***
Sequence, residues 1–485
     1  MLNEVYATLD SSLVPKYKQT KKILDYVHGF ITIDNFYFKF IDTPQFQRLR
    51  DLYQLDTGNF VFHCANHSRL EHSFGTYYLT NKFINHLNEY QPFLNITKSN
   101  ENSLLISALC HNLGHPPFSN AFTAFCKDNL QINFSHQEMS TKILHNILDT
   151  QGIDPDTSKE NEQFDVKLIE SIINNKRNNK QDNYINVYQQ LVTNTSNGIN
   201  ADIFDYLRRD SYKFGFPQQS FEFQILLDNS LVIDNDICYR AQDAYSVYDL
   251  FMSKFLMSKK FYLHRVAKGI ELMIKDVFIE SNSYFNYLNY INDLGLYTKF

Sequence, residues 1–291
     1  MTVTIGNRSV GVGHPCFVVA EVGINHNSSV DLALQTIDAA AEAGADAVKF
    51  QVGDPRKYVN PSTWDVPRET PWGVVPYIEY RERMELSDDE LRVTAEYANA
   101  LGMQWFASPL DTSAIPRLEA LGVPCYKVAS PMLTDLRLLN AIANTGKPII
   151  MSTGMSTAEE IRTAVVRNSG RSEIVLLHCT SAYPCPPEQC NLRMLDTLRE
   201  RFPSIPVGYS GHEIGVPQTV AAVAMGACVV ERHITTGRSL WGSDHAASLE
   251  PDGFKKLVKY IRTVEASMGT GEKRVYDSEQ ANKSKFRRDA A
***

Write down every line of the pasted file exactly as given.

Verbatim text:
Sequence, residues 1–485
     1  MLNEVYATLD SSLVPKYKQT KKILDYVHGF ITIDNFYFKF IDTPQFQRLR
    51  DLYQLDTGNF VFHCANHSRL EHSFGTYYLT NKFINHLNEY QPFLNITKSN
   101  ENSLLISALC HNLGHPPFSN AFTAFCKDNL QINFSHQEMS TKILHNILDT
   151  QGIDPDTSKE NEQFDVKLIE SIINNKRNNK QDNYINVYQQ LVTNTSNGIN
   201  ADIFDYLRRD SYKFGFPQQS FEFQILLDNS LVIDNDICYR AQDAYSVYDL
   251  FMSKFLMSKK FYLHRVAKGI ELMIKDVFIE SNSYFNYLNY INDLGLYTKF

Sequence, residues 1–291
     1  MTVTIGNRSV GVGHPCFVVA EVGINHNSSV DLALQTIDAA AEAGADAVKF
    51  QVGDPRKYVN PSTWDVPRET PWGVVPYIEY RERMELSDDE LRVTAEYANA
   101  LGMQWFASPL DTSAIPRLEA LGVPCYKVAS PMLTDLRLLN AIANTGKPII
   151  MSTGMSTAEE IRTAVVRNSG RSEIVLLHCT SAYPCPPEQC NLRMLDTLRE
   201  RFPSIPVGYS GHEIGVPQTV AAVAMGACVV ERHITTGRSL WGSDHAASLE
   251  PDGFKKLVKY IRTVEASMGT GEKRVYDSEQ ANKSKFRRDA A